See now I'm at a point where I want to keep the American Fender Jazz bass, but am thinking of replacing the FNA for ANOTHER jazz bass--perhaps the MM or GL and maybe have some money left over. Would I be sorry? If the highest end instrument I owned was an American made and a Japanese made Fender, would I be happy?

  11. Vic

    Vic There's more music in the nuance than the notes. Gold Supporting Member

    Oct 14, 2002
    Central Illinois
    Staff, Bass Gear Magazine
    Well, if the FNA doesn't work for you, then it's not really a downgrade... especially considering you'll have cash leftover from whatever you do. It's really only a tough question 'cause you already have a J you seem to be happy with. However, if it was me, I bet I'd be sellin' a USA J after a while, too. :)
  12. r379


    Jul 28, 2004
    Dallas, Texas
    No, Vics, I'm not talking about the Deluxe; I'm talking about the Standard (or whatever they call it) model with the S-1 switch and that's the bass Knavery is talking about. The S-1 bass is quite versatile tonally and I like it. I wouldn't care for the GL personally because, as I remember, the GL has '70s pickup placement and I'm more into the '60s type tone.
  13. illidian


    Jul 2, 2004
    No, MIJ I believe.

    I found the Geddy to have a great fingerstyle feel and tone, but I couldn't slap it. The neck was too small, but the rather high action amy have had something to do with it as well.

    If I could only have one bass, it'd be a standard J. But if I were buying a strictly fingerstyle bass, it would be the Geddy. They play really nice and feel and sound great, but I couldn't slap the one I tried. Maybe I'm biased because I've only played one Geddy Lee sig, but that was my limited experience.
  14. WCunha


    Nov 15, 2004
    I would say don't look at price. If you had a $3000 custom that didn't feel right to you it isn't worth it to you. Basically a bass will speak to you and when you play it says take me home.

    I don't like to get clouded by price when trying gear in the store. Just because it is expensive it doesn't make it right for you.

    I don't care how much it costs or how many people say it's great. If it doesn't feel good in my hands it isn't worth any amount. Unless it was super cheap and I could turn around and sell it for more money and buy something that I like.
  15. Vic

    Vic There's more music in the nuance than the notes. Gold Supporting Member

    Oct 14, 2002
    Central Illinois
    Staff, Bass Gear Magazine

    VERY true!

    Had everything to do with it, prolly. Mine slaps GREAT. The only problem I have slapping mine is my own lack of ability. I REALLY need to work on that!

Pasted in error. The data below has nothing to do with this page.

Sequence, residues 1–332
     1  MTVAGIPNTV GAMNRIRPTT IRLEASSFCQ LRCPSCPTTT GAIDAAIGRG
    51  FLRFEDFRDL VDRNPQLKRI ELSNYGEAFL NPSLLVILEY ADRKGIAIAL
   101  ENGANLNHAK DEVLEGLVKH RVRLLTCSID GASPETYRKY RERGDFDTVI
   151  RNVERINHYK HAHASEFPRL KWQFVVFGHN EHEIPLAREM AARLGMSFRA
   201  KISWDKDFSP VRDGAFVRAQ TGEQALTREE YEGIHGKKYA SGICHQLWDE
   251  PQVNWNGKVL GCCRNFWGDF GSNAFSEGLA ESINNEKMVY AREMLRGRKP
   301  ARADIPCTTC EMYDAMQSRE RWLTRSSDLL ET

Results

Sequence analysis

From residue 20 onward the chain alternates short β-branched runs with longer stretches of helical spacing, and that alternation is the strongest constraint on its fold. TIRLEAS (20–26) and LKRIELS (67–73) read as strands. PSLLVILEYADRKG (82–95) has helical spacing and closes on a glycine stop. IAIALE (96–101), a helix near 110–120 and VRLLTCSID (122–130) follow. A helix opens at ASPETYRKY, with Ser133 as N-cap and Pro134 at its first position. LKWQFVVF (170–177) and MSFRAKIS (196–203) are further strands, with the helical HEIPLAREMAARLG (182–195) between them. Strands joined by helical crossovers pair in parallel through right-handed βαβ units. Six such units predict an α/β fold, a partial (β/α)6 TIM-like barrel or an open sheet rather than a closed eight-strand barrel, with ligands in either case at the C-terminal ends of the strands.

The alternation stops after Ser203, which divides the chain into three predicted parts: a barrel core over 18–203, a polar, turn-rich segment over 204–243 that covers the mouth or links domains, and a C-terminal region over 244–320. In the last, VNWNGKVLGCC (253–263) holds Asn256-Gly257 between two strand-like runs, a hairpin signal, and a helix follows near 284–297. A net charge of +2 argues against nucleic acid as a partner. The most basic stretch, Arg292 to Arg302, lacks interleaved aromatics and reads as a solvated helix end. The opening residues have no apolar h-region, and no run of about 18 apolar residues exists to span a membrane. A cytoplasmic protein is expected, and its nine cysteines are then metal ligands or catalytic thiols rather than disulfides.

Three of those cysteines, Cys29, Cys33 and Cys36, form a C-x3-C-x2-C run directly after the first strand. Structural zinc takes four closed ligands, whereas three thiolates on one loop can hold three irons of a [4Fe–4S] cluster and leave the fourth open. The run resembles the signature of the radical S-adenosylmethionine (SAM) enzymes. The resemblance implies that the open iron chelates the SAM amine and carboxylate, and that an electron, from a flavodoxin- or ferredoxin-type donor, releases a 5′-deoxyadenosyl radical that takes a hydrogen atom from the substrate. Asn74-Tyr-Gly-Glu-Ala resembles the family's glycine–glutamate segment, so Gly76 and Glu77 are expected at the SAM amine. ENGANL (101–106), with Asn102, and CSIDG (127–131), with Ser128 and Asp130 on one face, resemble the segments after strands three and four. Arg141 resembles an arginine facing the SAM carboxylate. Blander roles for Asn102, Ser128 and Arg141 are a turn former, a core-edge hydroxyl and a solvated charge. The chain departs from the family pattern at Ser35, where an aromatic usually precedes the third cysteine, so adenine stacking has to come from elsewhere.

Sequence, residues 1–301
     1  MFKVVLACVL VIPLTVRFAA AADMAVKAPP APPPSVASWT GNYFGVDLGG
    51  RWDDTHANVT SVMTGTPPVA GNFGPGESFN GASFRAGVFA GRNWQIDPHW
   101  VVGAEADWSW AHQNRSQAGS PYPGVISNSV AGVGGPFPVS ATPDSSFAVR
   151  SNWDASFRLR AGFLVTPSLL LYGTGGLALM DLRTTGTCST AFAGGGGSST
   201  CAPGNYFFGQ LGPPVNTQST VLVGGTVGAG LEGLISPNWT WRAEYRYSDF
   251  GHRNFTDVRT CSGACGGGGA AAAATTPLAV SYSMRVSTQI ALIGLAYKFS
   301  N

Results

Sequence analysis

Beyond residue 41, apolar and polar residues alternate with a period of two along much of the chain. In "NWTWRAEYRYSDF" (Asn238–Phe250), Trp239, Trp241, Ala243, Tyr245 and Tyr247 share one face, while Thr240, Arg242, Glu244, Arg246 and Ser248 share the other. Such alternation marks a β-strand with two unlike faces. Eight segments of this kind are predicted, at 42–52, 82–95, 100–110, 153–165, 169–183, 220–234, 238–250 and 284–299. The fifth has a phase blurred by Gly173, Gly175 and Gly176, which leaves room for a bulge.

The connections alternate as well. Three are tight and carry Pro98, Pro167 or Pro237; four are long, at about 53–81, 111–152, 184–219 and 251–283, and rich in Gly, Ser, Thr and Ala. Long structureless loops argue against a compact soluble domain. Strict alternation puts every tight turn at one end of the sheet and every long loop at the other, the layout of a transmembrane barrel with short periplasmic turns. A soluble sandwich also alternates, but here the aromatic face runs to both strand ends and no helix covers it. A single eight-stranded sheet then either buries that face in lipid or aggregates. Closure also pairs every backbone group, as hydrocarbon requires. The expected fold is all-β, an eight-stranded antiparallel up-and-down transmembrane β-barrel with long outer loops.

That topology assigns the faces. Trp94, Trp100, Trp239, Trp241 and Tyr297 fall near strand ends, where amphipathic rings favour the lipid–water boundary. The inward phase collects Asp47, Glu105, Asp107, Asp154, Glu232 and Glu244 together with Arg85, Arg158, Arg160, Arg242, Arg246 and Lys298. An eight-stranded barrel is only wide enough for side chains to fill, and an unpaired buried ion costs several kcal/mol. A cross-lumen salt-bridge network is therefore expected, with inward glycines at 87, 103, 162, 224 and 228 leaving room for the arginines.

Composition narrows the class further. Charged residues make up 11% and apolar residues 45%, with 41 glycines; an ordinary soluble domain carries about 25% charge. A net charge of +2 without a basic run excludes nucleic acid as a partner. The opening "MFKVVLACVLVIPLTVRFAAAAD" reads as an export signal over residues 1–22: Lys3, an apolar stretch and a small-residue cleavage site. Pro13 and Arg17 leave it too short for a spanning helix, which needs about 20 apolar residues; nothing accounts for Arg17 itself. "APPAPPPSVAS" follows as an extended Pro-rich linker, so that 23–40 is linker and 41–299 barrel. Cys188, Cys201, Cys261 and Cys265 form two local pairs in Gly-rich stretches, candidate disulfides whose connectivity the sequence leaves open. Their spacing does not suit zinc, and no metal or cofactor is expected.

BTW, the shop where I got mine got another, and it's setup like crap. Not only not slappable, but not at all representative IMHO. I'm tempted to go in there and set it up myself just 'cause I can't stand to see it that way knowing what it could be like. The tone was there, tho. :)
  16. Vic

    Vic There's more music in the nuance than the notes. Gold Supporting Member

    Oct 14, 2002
    Central Illinois
    Staff, Bass Gear Magazine
    Oh man, ditto that!
  17. louelou


    Apr 20, 2005
    I a/b'd the gl against almost every other jazz bass in the store. I thought the gl was the best because of the neck and that growl that you dont get from the american.
  18. DavePlaysBass


    Mar 31, 2004
    I had a MM for about a week. It was a solid bass that was very resonant un plugged. It weighed a ton. After playing it one time with the band, I shipped it back. I had to either sell my G&L or send the MM back and the MM just did not do it for me live. I think the preamp may have been the issue. Just did not cut all the well.

    The MM neck was quite a bit chunkier front to back then many jazz basses I have played.

    The MM was a nice bass. I wish I could have kept it and upgrade the preamp with a Sadowsky or U-retro.

  19. steve_man


    May 15, 2002
    I've owned a geddy for 4-5 years. And I love it!

    I do want a second bass somewhere down the line. But the geddy fills every role I can think of for the moment.

    I found myself looking at other basses (sometimes twice the price) but have always come back to the fact that my geddy kicks butt. It's one I plan to keep.